Difference Between Anxiety and Panic Attacks

Even though anxiety and panic attacks are confused to be the same thing and frequently used interchangeably, they are substantially different when it comes to the features by which they are clinically defined. An anxiety attack is triggered by a stressor and can either fade away immediately after the stressor is removed or can sometimes last for a long time. Panic attack, on the other hand, is a condition that hits without a stressor or warning and can last either a few minutes or a few hours. Anxiety attacks are not as intense as panic attacks, but strike far more frequently. Anxiety attack is a sensation of uneasiness, fear and worry, making a person feel angry, frustrated or nervous. Panic attack, on the other hand, involves a person getting struck by fear, nervousness or apprehension, triggering psychological changes in his body along with mental stress.

Instructions

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    Anxiety Attacks

    When a person comes across a stressor, he finds himself struck by a condition known as anxiety attack. This is not always a bad thing, as it can help a person prepare himself to deal with the stressor appropriately. An example for this is a job interview, where the person finds himself putting more effort in the preparation to overcome the fear of failing. However, at times this anxiety attack does not go away once the stressor has been dealt with and ends up becoming a disorder. The onset of fear, worry and uneasiness continues to grip the person. These feelings continue to become intense the longer the anxiety attack lasts. It is important to note that anxiety attack can last for as little as a few minutes, or as long as a number of hours or even days. Common symptoms of anxiety attack include cold sweat, nausea, dizziness, faster heart beat and rapid breathing. Anxiety is common among people who suffer from depression.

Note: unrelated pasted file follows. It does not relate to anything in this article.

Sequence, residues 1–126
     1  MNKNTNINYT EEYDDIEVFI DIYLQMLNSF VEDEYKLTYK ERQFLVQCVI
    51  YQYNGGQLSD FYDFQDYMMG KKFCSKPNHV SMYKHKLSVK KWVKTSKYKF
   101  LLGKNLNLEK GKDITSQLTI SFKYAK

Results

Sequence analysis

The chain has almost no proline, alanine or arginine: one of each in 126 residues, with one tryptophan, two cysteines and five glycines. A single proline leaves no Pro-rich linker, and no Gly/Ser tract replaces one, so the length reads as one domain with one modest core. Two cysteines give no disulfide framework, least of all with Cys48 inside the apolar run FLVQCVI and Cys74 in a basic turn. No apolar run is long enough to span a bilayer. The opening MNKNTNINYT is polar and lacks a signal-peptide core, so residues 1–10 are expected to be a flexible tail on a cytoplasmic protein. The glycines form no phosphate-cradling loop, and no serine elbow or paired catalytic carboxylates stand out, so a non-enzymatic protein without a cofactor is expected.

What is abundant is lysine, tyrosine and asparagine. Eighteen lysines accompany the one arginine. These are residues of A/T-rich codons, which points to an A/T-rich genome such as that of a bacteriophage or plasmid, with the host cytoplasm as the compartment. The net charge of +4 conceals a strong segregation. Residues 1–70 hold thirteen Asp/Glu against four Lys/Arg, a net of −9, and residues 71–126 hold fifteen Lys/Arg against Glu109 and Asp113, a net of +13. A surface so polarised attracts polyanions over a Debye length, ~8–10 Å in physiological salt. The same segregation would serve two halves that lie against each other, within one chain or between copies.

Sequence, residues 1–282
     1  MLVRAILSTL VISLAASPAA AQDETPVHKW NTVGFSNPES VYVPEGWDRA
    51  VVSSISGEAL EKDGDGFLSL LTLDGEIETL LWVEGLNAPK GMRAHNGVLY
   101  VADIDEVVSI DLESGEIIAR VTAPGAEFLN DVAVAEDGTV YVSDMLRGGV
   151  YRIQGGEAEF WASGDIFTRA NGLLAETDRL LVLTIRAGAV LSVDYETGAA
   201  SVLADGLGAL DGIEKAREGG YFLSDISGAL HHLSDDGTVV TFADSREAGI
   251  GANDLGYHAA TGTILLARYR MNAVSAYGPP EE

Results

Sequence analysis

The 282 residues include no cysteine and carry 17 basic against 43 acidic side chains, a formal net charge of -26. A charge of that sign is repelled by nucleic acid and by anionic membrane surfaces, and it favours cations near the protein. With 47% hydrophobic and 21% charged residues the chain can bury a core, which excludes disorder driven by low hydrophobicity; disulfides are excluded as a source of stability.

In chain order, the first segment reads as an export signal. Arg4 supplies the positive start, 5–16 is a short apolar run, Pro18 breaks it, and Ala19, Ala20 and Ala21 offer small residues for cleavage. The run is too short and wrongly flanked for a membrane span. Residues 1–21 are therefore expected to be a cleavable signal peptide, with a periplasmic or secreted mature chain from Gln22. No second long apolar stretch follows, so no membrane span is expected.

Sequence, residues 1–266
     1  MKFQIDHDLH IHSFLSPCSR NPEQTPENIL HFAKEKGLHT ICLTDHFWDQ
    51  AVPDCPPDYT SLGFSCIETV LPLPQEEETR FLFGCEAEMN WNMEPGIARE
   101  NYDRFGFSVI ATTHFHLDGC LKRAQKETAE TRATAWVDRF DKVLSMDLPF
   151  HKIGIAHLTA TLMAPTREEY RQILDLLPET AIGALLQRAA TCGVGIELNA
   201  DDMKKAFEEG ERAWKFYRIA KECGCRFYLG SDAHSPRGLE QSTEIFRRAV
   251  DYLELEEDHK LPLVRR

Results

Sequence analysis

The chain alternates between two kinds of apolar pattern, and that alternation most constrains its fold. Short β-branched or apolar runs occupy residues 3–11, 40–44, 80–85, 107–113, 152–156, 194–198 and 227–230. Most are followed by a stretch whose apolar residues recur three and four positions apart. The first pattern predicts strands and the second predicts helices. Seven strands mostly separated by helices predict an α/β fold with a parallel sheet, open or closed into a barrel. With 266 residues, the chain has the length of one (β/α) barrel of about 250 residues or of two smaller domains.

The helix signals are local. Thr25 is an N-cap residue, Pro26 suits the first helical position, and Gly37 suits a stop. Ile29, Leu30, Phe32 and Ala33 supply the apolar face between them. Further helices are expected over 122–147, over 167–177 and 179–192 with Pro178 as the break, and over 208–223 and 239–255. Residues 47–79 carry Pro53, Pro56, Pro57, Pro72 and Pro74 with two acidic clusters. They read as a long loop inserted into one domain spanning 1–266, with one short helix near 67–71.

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    Panic Attacks

    Panic attack is a sudden onset of fear even in the absence of a stressor. The intensity of the fear, apprehension or nervousness is extremely strong and is considered to be a very serious condition. Since there is no warning or reason, a person may find it extremely hard to prepare himself or fight off the panic attack. Once struck by panic attack, a person may find his heart beating faster, making it seem as if the heart would burst out of the chest, hyperventilation, sweating, nausea, depression, hopelessness, flashes and shaking.

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